“I think Davey, when he wrestled in Stampede Wrestling, looked his best and was wrestling his best. When he went to WWF, I felt he got too big. He was a really fast, skilled wrestler, and he went on to become a cement-truck-parking kind of thing.” Hart recalled, “[Smith] had much less maneuverability, but he liked being the strongman, and he was really strong.”
Hart reminisced about The British Bulldogs being so strong and intoxicated that they would flip cars over as they left the bar.
“[Smith] and Dynamite were both very strong. I can remember going to clubs and stuff, and when they would leave the bar, they would turn cars over upside-down in the parking lot. You always go out to the car and go ‘the Bulldogs had been here’ because there’d be a car flipped completely upside-down.” Hart remembered, “They were like that all the time.”
Hart suggested that Smith was naïve and ended up being “corrupted” by Dynamite Kid.
“I think, unfortunately, Davey was kind of a naïve, innocent kind of guy. He did become a little bit corrupted by Dynamite. It was a very hard edge, kind of; he was a guy who always had a chip on his shoulder.” Hart added, “Davey was very impressionable, and Dynamite made a really bad impression. A really good one, but a bad one on who Davey would become. I mean, Davey was always a good guy. He was like having a big, friendly Doberman Pinscher that you let him play with another dog for a while and now he’s not very friendly anymore. Davey kind of turned into that, where he was sort of more aggressive and he had a different attitude.”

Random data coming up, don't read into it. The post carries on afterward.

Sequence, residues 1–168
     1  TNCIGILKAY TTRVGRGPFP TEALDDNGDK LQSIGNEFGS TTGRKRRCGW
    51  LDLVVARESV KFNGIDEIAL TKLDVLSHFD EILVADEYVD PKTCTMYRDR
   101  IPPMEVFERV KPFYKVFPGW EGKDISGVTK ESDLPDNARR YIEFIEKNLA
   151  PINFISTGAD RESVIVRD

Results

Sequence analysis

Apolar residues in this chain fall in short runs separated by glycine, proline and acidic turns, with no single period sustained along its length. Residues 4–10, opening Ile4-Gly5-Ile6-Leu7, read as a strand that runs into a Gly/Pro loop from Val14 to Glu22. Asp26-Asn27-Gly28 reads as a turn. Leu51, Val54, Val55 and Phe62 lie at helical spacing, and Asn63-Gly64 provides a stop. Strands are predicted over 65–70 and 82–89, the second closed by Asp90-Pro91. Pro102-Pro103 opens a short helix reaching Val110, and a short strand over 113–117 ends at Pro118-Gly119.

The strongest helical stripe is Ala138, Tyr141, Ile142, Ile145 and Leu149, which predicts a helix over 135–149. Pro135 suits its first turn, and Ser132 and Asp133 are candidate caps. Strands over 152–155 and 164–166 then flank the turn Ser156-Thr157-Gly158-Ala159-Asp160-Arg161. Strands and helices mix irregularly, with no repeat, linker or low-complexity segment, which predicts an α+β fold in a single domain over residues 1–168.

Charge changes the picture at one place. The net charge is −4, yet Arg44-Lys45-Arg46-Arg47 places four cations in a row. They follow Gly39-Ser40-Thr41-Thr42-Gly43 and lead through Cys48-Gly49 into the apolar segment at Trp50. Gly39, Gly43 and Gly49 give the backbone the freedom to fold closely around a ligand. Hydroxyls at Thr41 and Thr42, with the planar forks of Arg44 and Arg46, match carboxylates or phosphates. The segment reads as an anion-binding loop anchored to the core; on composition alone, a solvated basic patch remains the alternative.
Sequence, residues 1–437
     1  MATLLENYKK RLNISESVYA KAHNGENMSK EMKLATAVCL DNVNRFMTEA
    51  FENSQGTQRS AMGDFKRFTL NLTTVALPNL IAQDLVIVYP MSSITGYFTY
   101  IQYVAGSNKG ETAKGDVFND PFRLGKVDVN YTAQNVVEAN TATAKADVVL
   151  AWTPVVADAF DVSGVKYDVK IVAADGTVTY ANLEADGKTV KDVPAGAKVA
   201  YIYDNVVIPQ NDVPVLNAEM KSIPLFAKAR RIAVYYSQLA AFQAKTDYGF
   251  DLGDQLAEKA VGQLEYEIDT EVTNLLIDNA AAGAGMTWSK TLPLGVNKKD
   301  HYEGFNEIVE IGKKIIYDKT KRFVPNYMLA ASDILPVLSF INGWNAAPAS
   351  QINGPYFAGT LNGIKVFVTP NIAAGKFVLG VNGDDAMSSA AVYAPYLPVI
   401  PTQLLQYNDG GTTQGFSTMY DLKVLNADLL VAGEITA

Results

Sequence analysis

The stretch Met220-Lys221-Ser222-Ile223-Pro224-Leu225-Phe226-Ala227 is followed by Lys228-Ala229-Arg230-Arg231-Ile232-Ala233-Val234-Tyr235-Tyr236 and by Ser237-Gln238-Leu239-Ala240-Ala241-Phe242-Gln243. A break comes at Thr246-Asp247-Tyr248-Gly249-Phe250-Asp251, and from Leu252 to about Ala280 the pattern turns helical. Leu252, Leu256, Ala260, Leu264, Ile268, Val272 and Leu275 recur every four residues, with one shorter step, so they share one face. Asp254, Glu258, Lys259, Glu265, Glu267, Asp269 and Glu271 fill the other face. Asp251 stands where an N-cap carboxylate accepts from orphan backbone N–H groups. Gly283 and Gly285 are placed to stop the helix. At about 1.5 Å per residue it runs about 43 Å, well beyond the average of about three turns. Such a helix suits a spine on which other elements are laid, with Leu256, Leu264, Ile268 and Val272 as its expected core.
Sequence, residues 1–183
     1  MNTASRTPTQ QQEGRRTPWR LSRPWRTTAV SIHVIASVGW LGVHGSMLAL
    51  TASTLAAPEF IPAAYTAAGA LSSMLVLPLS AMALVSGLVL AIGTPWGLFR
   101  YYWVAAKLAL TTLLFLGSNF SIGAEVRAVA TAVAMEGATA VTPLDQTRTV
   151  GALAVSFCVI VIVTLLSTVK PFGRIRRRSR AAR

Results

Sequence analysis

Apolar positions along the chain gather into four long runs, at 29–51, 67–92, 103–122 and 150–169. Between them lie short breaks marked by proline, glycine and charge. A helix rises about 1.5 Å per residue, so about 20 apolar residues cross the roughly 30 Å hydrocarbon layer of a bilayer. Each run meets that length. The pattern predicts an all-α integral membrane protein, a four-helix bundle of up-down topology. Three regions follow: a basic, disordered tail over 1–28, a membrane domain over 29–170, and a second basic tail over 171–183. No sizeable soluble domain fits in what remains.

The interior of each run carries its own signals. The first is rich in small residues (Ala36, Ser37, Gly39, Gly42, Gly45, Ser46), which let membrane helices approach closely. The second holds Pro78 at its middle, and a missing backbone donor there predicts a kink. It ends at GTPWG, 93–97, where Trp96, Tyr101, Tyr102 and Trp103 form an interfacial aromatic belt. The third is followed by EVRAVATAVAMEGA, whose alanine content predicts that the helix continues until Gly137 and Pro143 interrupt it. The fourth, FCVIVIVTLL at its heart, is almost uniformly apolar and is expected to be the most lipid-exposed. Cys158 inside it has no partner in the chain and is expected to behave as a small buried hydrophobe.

Hart compared the relationship between the members of The Hart Foundation and The British Bulldogs, and explained that Dynamite Kid called the shots for the English tag team, similar to how Hart would direct what he and the late great Jim ‘The Anvil’ Neidhart would do in the ring on behalf of The Hart Foundation. ‘The Best There Is, Was, And Ever Will Be’ stated that Smith did himself a disservice by taking a backseat to Dynamite, as it stunted the development of his wrestling skills.
“Davey, much like me and Jim Neidhart, I was the boss of the wrestling. I could remember telling Jim, ‘You’re in charge of the interviews. That’s your market and I’ll follow you on that, but the wrestling, I’ll be the one to tell us, nah, we’re not doing that’, or ‘we’ll do that.” Like, because you’re always faced with options in [pro] wrestling, like, ‘we could do this or we could do that.’ And Jim was always like, ‘you figure that out.’ I was the guy that figured out what we were going to do all the time. And then Jim would do this, and I’d tell Jim what he’s doing, like, that kind of thing. So, Jim had no problem letting me be in charge, and Davey was the same with Dynamite. Davey didn’t put much thought into anything. It’s a shame because back in Calgary, earlier before this, he was forced to do things and think on his own. He was building his style up and becoming a really good wrestler. A great wrestler, in fact.”